Just over a month ago I made the jump from DC to NYC (for the second time) — without a job! This is the third time I’ve moved to a new city without employment, and I’m happy to say that I started my new job last Tuesday. It’s only been four days into the job, but so far I am incredibly happy
On day three of my brand new job surrounded by my new colleagues I was desperately trying to impress, I did something I didn’t think I would have done (or at least not that soon): I wore my stockings with a dress. You see, I had already chosen the outfits I wanted to wear in my first week at work (gotta dress to impress!). Nowhere in these outfit plannings, though, did I include stockings (it’s hot here and I hate wearing stockings in the summer, and especially hate to wear them with dresses, and ESPECIALLY didn’t want to stick out at my new job).
That and it was only one year ago I wore exposed stockings to work for the first time; one year ago I wore stockings with something above the knee; and less than one year ago I wore a dress with stockings at work for the first (and only) time. It may be glacial progress, but at least it’s progress.
After day 1 and day 2 on the job NOT wearing stockings my legs were really unhappy with me. Day 3 I had a choice to make:
1. Wear my original outfit without the stockings and continue to see a decline in my legs
2. Wear stockings, but change my outfit to include pants so as to conceal the stockings
3. Go with the original outfit AND wear the stockings
I wavered back and forth, back and forth, and back and forth a million times over. I even texted my new lymphie friend Alexa photos of my dilemma. Side note: I am so incredibly grateful to have a friend with lymphedema. There are people in my life who do everything they can to understand, but there’s no replacement for someone who has first hand experience of your struggles.
The outfit I had picked was supercute and I didn’t want to ruin the aesthetic and supercuteness of the outfit by wearing my stockings. But I knew I was doing a disservice to my health by not taking care of my legs and my lymphatic system. BUT, it’s hard enough starting a new job and trying to comes off as super cool to your new colleagues, who also wants to stick out as different and…weird? What to do? WHAT TO DO???
So I made the tentative decision to wear the stockings (but I gave myself an out that if in the morning I wasn’t feeling it, I could change my plan) because I was hell bent on wearing the outfit I had picked out. I felt like a million bucks in it, and gosh darnit I wanted to feel like a million bucks on my third day on the new job 😛 I tried the stockings on with my original outfit, but boy was I naht feeling my original shoe choice.
Annoyed that my supercute outfit wasn’t quite working with the nude shoes, I chose to wear black instead. But the black shoes didn’t work with the mustard sweater, so I switched out the sweater for a black jacket. Aha! We are in business.
It may not have been the original supercute outfit I had picked out, but I made some adjustments to accommodate the fugly stockings and I’m happy with the results. I strutted my stuff the whole day through and although no one actually asked about them or blatantly stared, I still spent part of my day worrying they were staring, what they were thinking or if they might say something.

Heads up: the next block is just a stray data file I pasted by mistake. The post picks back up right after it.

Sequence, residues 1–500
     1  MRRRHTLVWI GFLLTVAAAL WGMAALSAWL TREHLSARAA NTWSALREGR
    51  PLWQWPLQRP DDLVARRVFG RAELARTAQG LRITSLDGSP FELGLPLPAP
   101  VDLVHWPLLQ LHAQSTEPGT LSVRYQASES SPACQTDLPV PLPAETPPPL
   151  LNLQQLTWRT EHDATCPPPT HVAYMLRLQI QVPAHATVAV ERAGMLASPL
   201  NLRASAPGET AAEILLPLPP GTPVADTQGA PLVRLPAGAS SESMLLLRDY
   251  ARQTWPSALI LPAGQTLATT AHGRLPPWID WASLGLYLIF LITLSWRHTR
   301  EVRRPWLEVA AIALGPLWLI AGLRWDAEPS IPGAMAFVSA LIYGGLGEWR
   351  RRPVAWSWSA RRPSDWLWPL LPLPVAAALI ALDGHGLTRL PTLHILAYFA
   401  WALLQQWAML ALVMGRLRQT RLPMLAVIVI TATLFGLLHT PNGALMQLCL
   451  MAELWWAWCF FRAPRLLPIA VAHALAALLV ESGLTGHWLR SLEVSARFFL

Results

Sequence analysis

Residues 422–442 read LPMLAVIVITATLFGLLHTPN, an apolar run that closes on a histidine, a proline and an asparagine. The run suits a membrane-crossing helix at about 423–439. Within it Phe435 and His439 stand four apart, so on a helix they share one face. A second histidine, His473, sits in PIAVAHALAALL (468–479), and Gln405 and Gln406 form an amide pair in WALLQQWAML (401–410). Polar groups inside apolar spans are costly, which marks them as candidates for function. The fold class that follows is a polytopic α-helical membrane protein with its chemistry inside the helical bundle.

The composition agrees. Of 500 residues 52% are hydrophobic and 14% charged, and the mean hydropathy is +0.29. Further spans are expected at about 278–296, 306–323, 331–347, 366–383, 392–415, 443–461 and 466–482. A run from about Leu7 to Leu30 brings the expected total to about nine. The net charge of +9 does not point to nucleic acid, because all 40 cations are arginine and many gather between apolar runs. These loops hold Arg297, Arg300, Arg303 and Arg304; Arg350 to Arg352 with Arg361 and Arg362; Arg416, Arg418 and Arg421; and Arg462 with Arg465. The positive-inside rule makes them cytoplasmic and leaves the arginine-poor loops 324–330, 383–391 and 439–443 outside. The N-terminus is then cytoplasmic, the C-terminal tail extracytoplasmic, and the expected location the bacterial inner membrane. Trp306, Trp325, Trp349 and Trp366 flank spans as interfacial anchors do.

I’m sitting here now watching I Am Cait (yes, I admit to watching that show) and find myself identifying with her story. No, I am not transgender, but I am different from the average Josephine walking down the street. Caitlyn Jenner and the other transgender people who proudly strut down the street as their true selves inspire others in their community because they see someone like them — someone who is different — owning who they are.
I spend a lot of time and emotional space worrying about being different. Worrying about sticking out. Worrying about being seen differently and treated differently. It’s a lot easier to hide something that is going on inside, and it’s a lot easier for other people to not treat you differently when they can’t see that anything is amiss. For me, I am able to “hide” my lymphedema from the world when I don’t wear my compression stockings. My swelling is mild enough that no one really ever notices there’s something different. But as soon as I put those darned flat-knit stockings on with the big fat seam up the back, I draw attention to it and I can no longer hide.
I wish that it didn’t bother me so much. I wish that I could be more confident in who I am, imperfections and all. I wish that I could visibly be different and not care what other people might think. But the fact of the matter is I’m just not hard-wired to not care. I’m hard-wired to care too much about what other people think. It’s not necessarily a bad thing, it’s just who I am. And I have to understand that is my starting point and it’s from there that my journey begins.
I now find myself in a position where I could inspire other people — not just others in the lymphedema community, but anyone else out there who is struggling with being different. By visibly wearing my stockings — my badge of uniqueness — I am not only making a statement that I am okay with who I am, but I am showing other people that someone else is different, too, and it’s okay to be different.
Maybe I’m making this into something bigger than it is, but that is what I get from seeing Caitlyn Jenner own who she is on public television. I am inspired by her ability to show the world that she is different, and in a way it inspires me to own what makes me different.
At the end of the day I am so incredibly proud of myself. To others it may seem like a menial accomplishment, but for me it was ginormous. One small step for mankind, one giant step for Grace. I am excited to start this new chapter on such a good foot (pun intended!) and if this is any indication of what’s to come, bring it on!